Once you’ve absorbed information by paying attention, it helps to associate. If you can connect your new memory to older memories, you hold on to information better. There are various methods that seem to work. For example, it’s easier to remember narrative than lists of information, so the idea is to make up a story that uses everything you want to remember: “The evil queen stole the apple from the Princess of Tides” might remind you to buy apples before going to the beach with your mother-in-law.
Another system, called chunking, is based on the fact that it is hard for the mind to absorb more than five to nine new pieces of information at once. I have a terrible memory for phone numbers but have remembered one friend’s – 646-3752 – since she told me that it consists of a six, then three pairs of numbers that connote ten (4+6, 3+7, and 5×2). You can remember a long number by associating each digit with a consonant and then using vowels to turn the sequence into words. Or you can remember a series of words by making a new word from the first letters of all the words you need to remember. In a toast at a friend’s wedding this summer, I praised the bride’s scholarship, charm, refinement, and diligence, which I remembered by thinking “scrod.” It would be nice to say that you could just do such exercises for a month and acquire the skills to remember everything, but in fact all these operations take daily practice and maintenance. If you don’t have the will or the patience for these elaborate devices, remember that there’s one fully reliable and universally acknowledged memory booster: Write things down.
Forgetting As We Grow Older
Alzheimer’s disease appears to involve an accumulation of strings and clumps of protein – tangles and plaques – in the brain, which eventually consume it. Tangles and plaques can begin to develop ten to 20 years before any obvious symptoms. The point at which they start to have an effect is undetermined, however, and maybe different from person to person. Some people can, develop a whole brain full of them and never show symptoms of Alzheimer’s disease. This seems to be partly a function of fundamental genetics and partly a function of how well developed one’s mind is, how sharp, agile, active, social, and well nourished.
We have not worked out, so far, the relationship between Alzheimer’s and ordinary age-related forgetfulness. The mechanism causing severe symptoms is often not clear until autopsy. Meanwhile, scientists have been hypothesizing for years about whether the healthy brain retains elasticity as it ages or slowly dies and depletes itself. There does now seem to be substance to the idea that the brain can grow new cells and make new adaptations in later life. Persistent neurogenesis, long thought to be only a fantasy, has been documented by Fred Gage, PhD, a world-renowned scientist who currently works at the Salk Institute in San Diego. What we don’t know is how this neural growth affects memory function – if it does at all.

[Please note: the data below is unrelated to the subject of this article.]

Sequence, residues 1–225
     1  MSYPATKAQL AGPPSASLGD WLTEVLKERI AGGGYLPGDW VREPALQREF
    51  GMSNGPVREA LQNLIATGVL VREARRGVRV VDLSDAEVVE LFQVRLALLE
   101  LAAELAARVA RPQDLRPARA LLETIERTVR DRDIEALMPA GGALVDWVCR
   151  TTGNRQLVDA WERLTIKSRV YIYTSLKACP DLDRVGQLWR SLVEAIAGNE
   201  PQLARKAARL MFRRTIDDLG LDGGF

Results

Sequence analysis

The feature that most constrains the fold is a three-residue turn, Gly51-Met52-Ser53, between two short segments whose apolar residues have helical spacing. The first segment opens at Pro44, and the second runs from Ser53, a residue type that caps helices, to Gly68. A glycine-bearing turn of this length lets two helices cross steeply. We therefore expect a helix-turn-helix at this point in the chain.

Use It or Lose It
Graham McDougall, Ph.D., associate professor at the University of Texas at Austin School of Nursing, who has recently received a $2.4 million grant from the National Institute on Aging to study memory improvement, is working on what he calls the Senior WISE project. He proposes that using four techniques together can increase memory. The first is strategy training, in which you do what seems like common sense: writing lists, putting things out so that you’ll remember them in the morning, and, perhaps most important, coming up with mnemonic devices of various kinds: for example, connecting what you want to remember with something you already know (the name Adam Smith might be mentally affixed with “Granny Smith,” “Adam and Eve,” or “Smith and Wesson”) or visualizing the new information with a full-blown image, smell, taste, or touch in your mind. The second technique is a kind of confidence training, aimed particularly at older people who have bad perceptions of their own memories. Here you learn how to eliminat e negative beliefs about your memory that may adversely affect it. The training involves learning both what the strengths of your memory really are, which we tend to underestimate, and how much the average person can expect from his or her memory, which we tend to overestimate. The third strategy is simple health promotion: understanding how depression, sleep irregularities, and medications may adversely influence memory The fourth is a program of stress-reduction and relaxation exercises, such as deep breathing and tense-and-release techniques, because anxiety can block memory recall and efficacy.
A 10-year landmark study on aging funded by the MacArthur Foundation has found that the more educated people are, the less likely they’ll be to experience memory decline or Alzheimer’s as they age. The theory now is that those with higher education levels continue to pose challenges to themselves and that these efforts contribute to a form of brain exercise. An educated brain may have formed more neural connections throughout life and can therefore better sustain some decay. The big question about memory maintenance is whether exercising your brain is, like exercising your body a key to health. Some claim that this idea comes from a puritanical insistence that everything can be achieved by work and that people with poor memory are lazy. Others say the popularity of the idea is comforting to people who like to imagine they have control over functions that in fact they cannot control. In any event, this kind of brain exercise needs to be done throughout life, not just when memory is failing. “I do believe that stimulating environments improve brain functions and grow neurons,” McDougall says. “Do we have enough evidence in humans yet to confirm it? No.”